How an Inhibitor Bound to Subunit Interface Alters Triosephosphate Isomerase Dynamics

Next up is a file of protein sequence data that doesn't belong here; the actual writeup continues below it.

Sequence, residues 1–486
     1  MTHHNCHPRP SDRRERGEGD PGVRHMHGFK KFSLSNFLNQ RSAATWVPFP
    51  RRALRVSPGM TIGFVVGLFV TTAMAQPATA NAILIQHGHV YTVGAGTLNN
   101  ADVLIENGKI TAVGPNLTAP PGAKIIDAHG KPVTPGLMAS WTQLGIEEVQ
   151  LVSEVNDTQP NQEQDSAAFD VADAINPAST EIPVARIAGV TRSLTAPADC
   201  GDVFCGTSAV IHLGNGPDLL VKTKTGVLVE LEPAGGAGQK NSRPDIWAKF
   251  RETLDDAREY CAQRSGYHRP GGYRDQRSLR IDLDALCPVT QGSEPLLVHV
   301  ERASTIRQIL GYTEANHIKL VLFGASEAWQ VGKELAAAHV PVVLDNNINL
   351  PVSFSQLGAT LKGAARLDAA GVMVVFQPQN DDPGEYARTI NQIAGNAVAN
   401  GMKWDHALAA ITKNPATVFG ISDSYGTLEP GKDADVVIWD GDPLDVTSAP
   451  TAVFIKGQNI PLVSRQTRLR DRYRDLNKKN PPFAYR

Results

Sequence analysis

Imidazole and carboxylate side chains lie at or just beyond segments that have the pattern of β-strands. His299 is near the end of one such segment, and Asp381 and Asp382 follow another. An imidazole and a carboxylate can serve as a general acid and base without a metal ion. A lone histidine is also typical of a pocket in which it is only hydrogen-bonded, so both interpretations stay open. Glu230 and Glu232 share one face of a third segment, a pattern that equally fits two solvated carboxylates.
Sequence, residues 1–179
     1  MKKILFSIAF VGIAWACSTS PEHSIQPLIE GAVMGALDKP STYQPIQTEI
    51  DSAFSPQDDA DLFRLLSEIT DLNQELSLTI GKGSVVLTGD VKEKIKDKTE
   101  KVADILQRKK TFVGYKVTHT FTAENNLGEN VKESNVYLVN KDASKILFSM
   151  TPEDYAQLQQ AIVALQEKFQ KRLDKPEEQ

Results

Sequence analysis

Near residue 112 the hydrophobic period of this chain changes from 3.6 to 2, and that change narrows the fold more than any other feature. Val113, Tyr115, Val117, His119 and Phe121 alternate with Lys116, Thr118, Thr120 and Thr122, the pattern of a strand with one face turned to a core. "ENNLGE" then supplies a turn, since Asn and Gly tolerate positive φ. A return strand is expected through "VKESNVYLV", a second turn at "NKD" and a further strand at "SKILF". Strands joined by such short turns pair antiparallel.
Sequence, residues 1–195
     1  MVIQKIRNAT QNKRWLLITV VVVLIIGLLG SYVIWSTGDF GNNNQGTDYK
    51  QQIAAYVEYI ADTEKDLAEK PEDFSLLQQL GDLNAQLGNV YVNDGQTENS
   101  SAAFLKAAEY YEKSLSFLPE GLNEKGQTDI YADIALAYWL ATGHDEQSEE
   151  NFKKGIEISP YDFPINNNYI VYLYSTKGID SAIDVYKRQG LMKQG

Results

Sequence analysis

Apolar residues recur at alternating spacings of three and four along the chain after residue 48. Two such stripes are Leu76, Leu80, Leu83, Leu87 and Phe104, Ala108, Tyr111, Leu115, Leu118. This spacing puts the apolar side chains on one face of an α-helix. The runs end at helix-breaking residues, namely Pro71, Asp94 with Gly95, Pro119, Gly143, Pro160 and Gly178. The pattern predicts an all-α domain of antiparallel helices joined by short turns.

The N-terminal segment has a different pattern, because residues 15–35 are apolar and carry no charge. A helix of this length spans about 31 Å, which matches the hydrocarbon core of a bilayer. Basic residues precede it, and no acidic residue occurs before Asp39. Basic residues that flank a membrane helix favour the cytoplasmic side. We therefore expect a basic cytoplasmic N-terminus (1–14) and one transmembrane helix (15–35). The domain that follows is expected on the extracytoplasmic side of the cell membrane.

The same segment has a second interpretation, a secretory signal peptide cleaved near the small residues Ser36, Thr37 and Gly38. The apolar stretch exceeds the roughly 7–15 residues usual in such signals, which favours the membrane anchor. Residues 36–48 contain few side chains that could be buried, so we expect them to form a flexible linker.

The tunnel region at triosephosphate isomerase (TIM)'s dimer interface distant from its catalytic site is a target site for certain benzothiazole derivatives that inhibit TIM's catalytic activity in Trypanosoma cruzi the parasite that causes Chagas disease. We performed multiple 100-ns molecular-dynamics (MD) simulations and elastic network modeling (ENM) on both apo and complex structures to shed light on the still unclear inhibitory mechanism of one such inhibitor named bt10. Within the time frame of our MD simulations we observed stabilization of aromatic clusters at the dimer interface and enhancement of intersubunit hydrogen bonds in the presence of bt10 which point to an allosteric effect rather than destabilization of the dimeric structure. The collective dynamics dictated by the topology of TIM is known to facilitate the closure of its catalytic loop over the active site that is critical for substrate entrance and product release. We incorporated the ligand's effect on vibrational dynamics by applying mixed coarse-grained ENM to each one of 54000 MD snapshots. Using this computationally efficient technique we observed altered collective modes and positive shifts in eigenvalues due to the constraining effect of bt10 binding. Accordingly we observed allosteric changes in the catalytic loop's dynamics flexibility and correlations as well as the solvent exposure of catalytic residues. A newly (to our knowledge) introduced technique that performs residue-based ENM scanning of TIM revealed the tunnel region as a key binding site that can alter global dynamics of the enzyme.